Richard delighted in lavish dress and extravagant jewels. He is popularly credited with introducing the use of the pocket-handkerchief. In common with his ancestor Henry III, he venerated the memory of the Saxon King, Edward the Confessor and adopted his coat of arms, which were quartered with his own.

Tomb of Richard II and Anne of Bohemia, Westminster AbbeyRichard II and Anne of Bohemia

Tragically, his beloved Queen, Anne, died of the plague in 1394, aged but twenty-eight. Richard's grief was terrible, distraught and emotionally unstabilized, he had Sheen Palace, where Anne had died, razed to the ground. The Queen was buried at Westminster near to St. Edward's shrine. An embarrassing incident marred the funeral service, Richard was angered by Richard Fitzalan, Earl of Arundel, who had the audacity to arrive late. When he tactlessly asked the King to excuse his attendance, Richard completely lost control. In his passionate grief and fury he seized a wand from one of the vergers and struck Arundel so violently about the head with it that he fell to the ground dazed.

Richard's mental state has long been an issue of historical debate the Victorian historian Bishop Stubbs has stated that towards the end of his reign, Richard's mind "was losing its balance altogether". Historian Anthony Steel, who wrote a full-scale biography of the king in 1941, took a psychiatric approach to the issue, and concluded that the king suffered from schizophrenia. This opinion was challenged by V.H. Galbraith, who argued that there was no historical basis for such a diagnosis, a line that has also been followed by later historians of the period, like Anthony Goodman and Anthony Tuck. Nigel Saul, who wrote the most recent academic biography on Richard II, concedes that - even though there is no basis for assuming the king had a mental illness - he showed clear signs of a narcissistic personality, and towards the end of his reign "Richard's grasp on reality was becoming weaker".

Two years after Anne's death, Richard married again, taking Isabella of Valois, the six-year-old daughter of Charles VI of France, as his second wife. Richard treated her with great kindness and they were to become extremely fond of each other.

Richard II and Isabella of ValoisRichard II

Richard's brooding on past slights culminated with his taking action with ruthless suddenness in 1397. His old opponents were placed under arrest and his uncle, Thomas Duke of Gloucester, was murdered. He exiled his cousin, Henry Bolingbroke, who was one of the five Lords Appellant, in 1399. On John of Gaunt's death, the following year, Richard disinherited Henry and confiscated the vast Lancastrian estates.

Henry reacted by invading England, landing at Ravenspur in Yorkshire, on the pretext of recovering his estates, but in reality, he intended to seize his cousin's throne. Richard, in Ireland at the time, sailed to Wales. The King met Henry's representatives at Conway Castle and was informed that if he restored Henry's estates and surrendered certain councillors for trial, he could remain in power. He agreed but was betrayed and instead of being returned to power found himself the inhabitant of a dungeon in the Tower.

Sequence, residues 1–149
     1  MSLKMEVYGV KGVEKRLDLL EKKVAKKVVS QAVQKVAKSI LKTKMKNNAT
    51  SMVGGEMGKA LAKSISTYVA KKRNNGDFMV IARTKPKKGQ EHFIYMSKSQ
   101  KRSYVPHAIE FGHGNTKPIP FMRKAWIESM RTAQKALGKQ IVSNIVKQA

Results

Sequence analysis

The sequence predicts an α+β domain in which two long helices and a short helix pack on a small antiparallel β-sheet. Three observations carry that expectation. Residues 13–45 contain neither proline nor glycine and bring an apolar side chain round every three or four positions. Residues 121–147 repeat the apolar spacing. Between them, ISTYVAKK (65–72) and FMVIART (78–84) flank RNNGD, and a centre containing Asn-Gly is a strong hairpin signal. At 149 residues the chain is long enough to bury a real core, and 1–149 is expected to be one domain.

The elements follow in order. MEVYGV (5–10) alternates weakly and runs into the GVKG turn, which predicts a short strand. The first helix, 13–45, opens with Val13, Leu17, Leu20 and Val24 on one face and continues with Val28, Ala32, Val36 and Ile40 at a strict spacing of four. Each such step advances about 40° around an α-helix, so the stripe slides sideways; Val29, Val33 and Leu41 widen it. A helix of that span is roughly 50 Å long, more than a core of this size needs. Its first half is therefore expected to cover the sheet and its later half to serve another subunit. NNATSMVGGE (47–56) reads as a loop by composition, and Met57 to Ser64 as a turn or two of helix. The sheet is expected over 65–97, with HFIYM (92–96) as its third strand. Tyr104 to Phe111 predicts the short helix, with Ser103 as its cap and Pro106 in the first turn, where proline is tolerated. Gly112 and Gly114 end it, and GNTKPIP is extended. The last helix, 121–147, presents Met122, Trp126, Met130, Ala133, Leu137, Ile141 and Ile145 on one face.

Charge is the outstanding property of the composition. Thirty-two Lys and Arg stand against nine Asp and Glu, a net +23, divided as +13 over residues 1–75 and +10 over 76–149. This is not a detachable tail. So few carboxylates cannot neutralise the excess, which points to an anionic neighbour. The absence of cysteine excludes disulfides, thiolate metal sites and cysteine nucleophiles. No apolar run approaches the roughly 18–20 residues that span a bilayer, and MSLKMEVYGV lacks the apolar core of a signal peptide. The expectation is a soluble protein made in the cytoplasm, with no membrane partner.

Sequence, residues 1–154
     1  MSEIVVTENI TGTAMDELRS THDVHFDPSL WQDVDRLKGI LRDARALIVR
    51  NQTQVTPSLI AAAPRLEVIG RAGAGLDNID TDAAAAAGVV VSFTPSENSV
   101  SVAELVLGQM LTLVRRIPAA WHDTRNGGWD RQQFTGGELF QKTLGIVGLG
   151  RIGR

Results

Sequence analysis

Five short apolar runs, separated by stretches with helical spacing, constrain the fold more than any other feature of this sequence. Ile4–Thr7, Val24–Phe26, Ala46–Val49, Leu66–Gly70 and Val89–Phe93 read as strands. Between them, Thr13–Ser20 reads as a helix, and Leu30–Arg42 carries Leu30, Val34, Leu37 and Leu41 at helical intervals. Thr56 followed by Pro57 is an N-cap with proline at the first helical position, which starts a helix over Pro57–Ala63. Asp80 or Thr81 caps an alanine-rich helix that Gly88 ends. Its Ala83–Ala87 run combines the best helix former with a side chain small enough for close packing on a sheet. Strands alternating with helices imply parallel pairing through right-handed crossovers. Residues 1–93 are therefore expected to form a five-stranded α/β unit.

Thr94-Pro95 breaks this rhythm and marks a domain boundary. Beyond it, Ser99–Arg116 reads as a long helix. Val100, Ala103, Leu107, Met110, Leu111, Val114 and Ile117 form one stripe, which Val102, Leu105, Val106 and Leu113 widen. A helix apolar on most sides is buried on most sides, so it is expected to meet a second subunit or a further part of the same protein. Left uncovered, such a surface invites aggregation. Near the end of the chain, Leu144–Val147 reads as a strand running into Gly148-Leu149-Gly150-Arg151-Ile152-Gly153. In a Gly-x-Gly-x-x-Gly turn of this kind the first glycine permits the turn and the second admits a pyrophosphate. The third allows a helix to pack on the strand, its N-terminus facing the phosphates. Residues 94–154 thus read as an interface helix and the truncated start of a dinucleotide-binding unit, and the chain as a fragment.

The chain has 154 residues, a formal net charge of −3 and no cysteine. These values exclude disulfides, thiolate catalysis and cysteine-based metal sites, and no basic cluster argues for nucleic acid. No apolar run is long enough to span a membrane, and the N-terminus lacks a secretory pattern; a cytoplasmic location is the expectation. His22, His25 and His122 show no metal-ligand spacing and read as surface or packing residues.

A Parliament was called at the end of September, at which Henry claimed the throne. Richard was declared a tyrant and deposed. He was taken up to Pontefract Castle, in Yorkshire and there it is certain, he met his end around the second week in February 1400. Although Henry of Lancaster may have been prepared to let Richard live, the situation changed when it was discovered that the earls of Huntingdon, Kent and Salisbury and Lord Despenser, and possibly also the Earl of Rutland, were planning to murder the new king and restore Richard in the Epiphany Rising. Although averted, the plot highlighted the danger to Henry of allowing Richard to live. His body was taken south from Pontefract and displayed in the old St Paul's Cathedral on 17 February before burial in Kings Langley Church on 6 March. His skeleton was examined in 1871 by Dean Stanley of Westminster but showed no marks of violence. Starvation was the most likely cause, although this has never been proven.

After being displayed at St. Paul's, Richard's body was buried in King's Langley Church, Hertfordshire. His child queen, Isabelle of France mourned him deeply and sincerely. Henry IV wished to form an alliance between herself and his eldest son, Henry, now Prince of Wales, but loyal to the memory of her husband, she was inflexible in refusing to even contemplate it. Isabelle was eventually returned to her father in France. She was married to Charles of Angouleme and tragically died in childbirth.

Richard II's body was later moved to Westminster Abbey by Bolingbroke's successor, Henry V, who had been close to him in his boyhood, there it was reburied beside his beloved first wife, Anne of Bohemia. The tomb was opened in 1871 during restoration work to the abbey. There were no marks of violence on Richard's skull and even some of the teeth were preserved. A staff, sceptre, part of the ball, two pairs of royal gloves, and fragments of their peaked shoes remained. Several relics which seem to have taken from the tomb opening in 1871, were recently discovered in a cigarette box in the basement of the National Portrait Gallery. The contents of the box, dated 31 August 1871, included fragments of wood, some fabric, and a piece of leather from one of the gloves.